Why are lions important?
Lions are a top predator, meaning they have an important role in regulating the populations and behaviour of herbivorous species such as zebra and wildebeest. If too numerous the grasslands and forests would become overgrazed and unproductive. Therefore, lions have a key role in ensuring the preservation of their ecosystem, benefitting both wildlife and people.
Lions are also culturally significant to many people, often symbolising courage, and strength.
~20,000; declining (the IUCN estimate the lion population to be between 23,000 – 39,000. However, the last assessment for lions was 2014, and more recent data suggests the global population is closer to 20,000)
Forest, savannah, shrubland, grassland, desert
Sub-Saharan east Africa and the Gir forest in India
Female lions can weigh between 122kg and 180kg whereas the males can weigh between 150kg and 260kg. Males can grow up to 2.5m in length
Human-carnivore conflict and retaliatory killings (shooting, spearing, snaring, poisoning); habitat loss; prey depletion, trophy hunting, captivity
Did you know?!
The roar of a lion can be heard up to 5 miles (8km) away!
How to recognise a lion
Lions, have extremely powerful muscular bodies and excellent senses. They are the second largest felid (cat), behind the tiger. Adult males are larger than females, and only the males exhibit a mane.
The colour of their fur can vary significantly, from light grey, yellowish-red to a dark brown. Newborn cubs are often born with dark spots which fade as they mature. Both males and females have a dark hairy tuft at the end of their tail.
Where do lions live?
Amazingly, lions get all the water they need from eating their prey, meaning they can live in a wide range of habitats across Africa, from South Africa to Sudan and from Kenya to Nigeria. In fact, the only areas they can’t be found are the tropical rainforests of central Africa or the extremely dry interior of the Sahara Desert.
Lions are the only big cats that live and hunt in family groups, or prides, with the females doing most of the hunting and the males responsible for protecting the pride’s territory.
Prides vary greatly in size, but can include up to three male lions, around a dozen female lions, and their young. Typically, the lionesses in the pride will be related to one another, with the female cubs staying with the group for life. Young males leave the pride, often in small coalitions, and live a wandering existence until they may establish a pride of their own by taking over another group headed by another male, in which case they almost always kill the prides’ cubs.
Lions communicate with other members of their pride, or assert their claim over a territory, by roaring. Both males and females can roar, and they possess large vocal chords, which allows their roar to travel for miles over the savannah.
Mating occurs throughout the year, with females giving birth to a litter of between one and four lion cubs after a 110-day pregnancy.
Lions will hunt almost any animal they can, from small rodents, up to rhino. However, the bulk of their diet comprises medium to large hooved mammals including buffalo, antelope, wildebeest, impala, warthog and zebra. Lions also scavenge, and will steal the kills of other predator species, such as spotted hyenas.
One of most significant threats to lions is the issue of human-carnivore conflict. Lions may kill livestock, especially in areas where their prey has been depleted. Livestock are central to pastoralists’ livelihoods, and the economic, social, and psychological impact of this loss is significant, so as a result, they may retaliate and kill lions, by poison, spears, guns or snares.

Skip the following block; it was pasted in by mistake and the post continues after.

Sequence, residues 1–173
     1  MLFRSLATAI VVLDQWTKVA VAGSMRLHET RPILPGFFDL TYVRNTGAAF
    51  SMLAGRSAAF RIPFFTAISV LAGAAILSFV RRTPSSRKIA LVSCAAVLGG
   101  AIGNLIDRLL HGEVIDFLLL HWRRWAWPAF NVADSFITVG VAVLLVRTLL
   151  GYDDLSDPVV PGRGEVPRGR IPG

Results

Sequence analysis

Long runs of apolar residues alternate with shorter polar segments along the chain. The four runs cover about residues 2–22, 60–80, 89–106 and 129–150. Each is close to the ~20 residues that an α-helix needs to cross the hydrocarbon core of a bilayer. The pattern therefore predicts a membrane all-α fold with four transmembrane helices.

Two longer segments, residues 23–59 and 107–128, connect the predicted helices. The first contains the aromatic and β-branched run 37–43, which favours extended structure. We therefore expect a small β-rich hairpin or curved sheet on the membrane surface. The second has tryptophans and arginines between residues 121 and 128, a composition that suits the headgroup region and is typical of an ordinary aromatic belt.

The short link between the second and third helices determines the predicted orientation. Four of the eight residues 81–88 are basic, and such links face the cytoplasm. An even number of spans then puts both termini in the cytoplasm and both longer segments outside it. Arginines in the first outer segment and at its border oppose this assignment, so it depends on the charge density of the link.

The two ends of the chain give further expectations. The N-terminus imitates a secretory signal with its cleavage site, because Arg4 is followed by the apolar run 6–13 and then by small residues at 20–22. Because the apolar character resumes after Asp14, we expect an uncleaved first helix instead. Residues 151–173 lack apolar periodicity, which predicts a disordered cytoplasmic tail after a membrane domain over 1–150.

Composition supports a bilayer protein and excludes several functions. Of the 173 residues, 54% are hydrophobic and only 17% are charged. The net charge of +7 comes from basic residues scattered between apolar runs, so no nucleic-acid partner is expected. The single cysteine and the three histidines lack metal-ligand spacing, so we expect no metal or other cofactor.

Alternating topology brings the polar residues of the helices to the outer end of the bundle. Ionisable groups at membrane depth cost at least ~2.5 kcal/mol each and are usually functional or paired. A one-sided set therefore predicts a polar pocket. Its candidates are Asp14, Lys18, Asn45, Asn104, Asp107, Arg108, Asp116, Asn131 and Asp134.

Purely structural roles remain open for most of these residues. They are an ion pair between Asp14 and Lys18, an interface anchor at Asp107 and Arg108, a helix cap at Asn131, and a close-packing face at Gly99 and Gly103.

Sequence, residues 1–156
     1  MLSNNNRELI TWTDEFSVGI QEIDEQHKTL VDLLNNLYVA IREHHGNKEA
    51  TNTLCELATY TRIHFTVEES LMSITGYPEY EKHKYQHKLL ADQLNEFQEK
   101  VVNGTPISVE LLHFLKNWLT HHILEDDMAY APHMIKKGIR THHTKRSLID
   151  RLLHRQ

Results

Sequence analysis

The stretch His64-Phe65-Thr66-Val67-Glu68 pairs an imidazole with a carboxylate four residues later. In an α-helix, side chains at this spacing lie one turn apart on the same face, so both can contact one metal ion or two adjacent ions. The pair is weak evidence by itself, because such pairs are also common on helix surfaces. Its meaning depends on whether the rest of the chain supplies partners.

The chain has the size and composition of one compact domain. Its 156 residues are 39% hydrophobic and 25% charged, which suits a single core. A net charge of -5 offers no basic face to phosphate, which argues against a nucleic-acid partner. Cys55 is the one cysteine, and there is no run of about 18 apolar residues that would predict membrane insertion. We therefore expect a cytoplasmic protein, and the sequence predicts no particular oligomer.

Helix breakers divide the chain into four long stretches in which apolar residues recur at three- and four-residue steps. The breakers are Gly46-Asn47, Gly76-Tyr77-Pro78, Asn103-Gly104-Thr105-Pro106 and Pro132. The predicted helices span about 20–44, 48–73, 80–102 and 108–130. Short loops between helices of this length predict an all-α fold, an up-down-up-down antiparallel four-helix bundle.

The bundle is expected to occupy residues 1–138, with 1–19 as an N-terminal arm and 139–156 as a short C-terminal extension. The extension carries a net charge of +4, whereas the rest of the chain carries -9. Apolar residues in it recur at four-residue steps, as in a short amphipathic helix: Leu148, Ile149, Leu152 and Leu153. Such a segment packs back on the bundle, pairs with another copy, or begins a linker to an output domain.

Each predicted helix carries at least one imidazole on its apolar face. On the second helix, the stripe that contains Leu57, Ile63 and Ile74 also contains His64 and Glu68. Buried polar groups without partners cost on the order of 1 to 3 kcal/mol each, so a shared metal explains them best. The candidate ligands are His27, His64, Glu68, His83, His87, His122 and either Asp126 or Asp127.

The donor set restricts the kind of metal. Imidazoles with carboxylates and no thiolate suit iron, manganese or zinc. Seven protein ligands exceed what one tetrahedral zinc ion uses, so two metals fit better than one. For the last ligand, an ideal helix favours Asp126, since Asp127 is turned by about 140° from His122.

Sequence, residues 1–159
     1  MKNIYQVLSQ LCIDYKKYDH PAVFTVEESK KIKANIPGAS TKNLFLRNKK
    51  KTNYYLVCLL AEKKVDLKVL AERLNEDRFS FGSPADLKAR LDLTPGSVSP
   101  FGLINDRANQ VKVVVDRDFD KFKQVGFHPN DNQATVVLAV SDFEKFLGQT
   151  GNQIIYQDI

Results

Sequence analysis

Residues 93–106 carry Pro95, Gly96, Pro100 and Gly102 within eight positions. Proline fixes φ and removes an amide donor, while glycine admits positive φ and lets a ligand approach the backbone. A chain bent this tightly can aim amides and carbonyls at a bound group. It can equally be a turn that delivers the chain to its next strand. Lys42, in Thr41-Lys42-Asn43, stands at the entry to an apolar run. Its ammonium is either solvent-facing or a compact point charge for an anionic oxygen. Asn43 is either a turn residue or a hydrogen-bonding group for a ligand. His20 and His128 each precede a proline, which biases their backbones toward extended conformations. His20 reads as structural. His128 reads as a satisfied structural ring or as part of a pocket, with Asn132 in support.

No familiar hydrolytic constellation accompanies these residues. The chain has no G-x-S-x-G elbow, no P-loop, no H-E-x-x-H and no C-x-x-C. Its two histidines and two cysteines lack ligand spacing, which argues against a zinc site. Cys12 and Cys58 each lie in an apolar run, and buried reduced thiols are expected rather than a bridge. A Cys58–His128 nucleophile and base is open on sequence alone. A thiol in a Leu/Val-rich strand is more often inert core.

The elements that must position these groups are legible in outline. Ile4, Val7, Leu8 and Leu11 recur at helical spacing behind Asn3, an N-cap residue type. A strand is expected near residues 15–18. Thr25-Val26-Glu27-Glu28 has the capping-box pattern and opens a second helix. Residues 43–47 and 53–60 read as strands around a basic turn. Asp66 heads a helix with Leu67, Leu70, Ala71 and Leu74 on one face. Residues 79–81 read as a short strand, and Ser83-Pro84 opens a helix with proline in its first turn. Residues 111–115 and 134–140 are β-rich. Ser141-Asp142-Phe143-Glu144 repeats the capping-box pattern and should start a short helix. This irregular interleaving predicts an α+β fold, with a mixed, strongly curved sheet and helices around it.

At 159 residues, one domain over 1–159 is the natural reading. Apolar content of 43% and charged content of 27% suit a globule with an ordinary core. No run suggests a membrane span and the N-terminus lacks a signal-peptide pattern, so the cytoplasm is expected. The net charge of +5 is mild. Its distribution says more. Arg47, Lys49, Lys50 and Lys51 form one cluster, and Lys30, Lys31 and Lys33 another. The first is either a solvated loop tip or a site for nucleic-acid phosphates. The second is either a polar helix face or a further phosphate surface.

Lion populations are also at risk from habitat loss, degradation, and fragmentation. As human populations expand, a greater area of lion range is converted into agricultural land, or land for settlements and industrial development.
The prey available to lions has been reduced by the bushmeat trade, meaning lion populations have become increasingly fragmented as they move to different areas to find food. Prey depletion also increases human-wildlife conflict as lions turn to livestock as an alternative source of food.
In some countries it is sadly still legal to shoot lions for sport. Born Free has an ethical objection to the killing of any animal for pleasure. We also strongly disagree with the claims made by some that ‘science’ suggests trophy hunting provides significant net benefits for conservation or rural communities. On the contrary, there is a great deal of debate and differing opinion on this issue within the scientific community.
Many lions are captively bred for the cruel practice of canned hunting, where the lion (or other wild animal) is “hunted” in a confined area from which they cannot escape. These individuals are often hand-reared and used as props for photos with tourists as cubs, before being transferred to canned hunting facilities when they become to big to handle, to be shot by paying trophy hunters, and their bones and other body parts sold into local and international trade.
It is a cruel practice that is sadly flourishing in certain countries. In South Africa there are an estimated 8,000 captive-bred lions set to suffer this fate.
Lions are naturally wide ranging and suffer in captivity. The space provided, social interactions, diet, climate, and proximity of humans are a far cry from the lives these species have evolved to lead in the wild and the damaging effects on individual captive animals can be huge. Many lions are bred in captivity for use in zoos and circuses, or sold as pets. They are also exploited as living props for photos and selfies.
Adopt a lion
Adopt a lion with Born Free today, to help us monitor and protect wild lions in Meru National Park, and provide support and care for rescued lions who live at our Shamwari Private Game Reserve.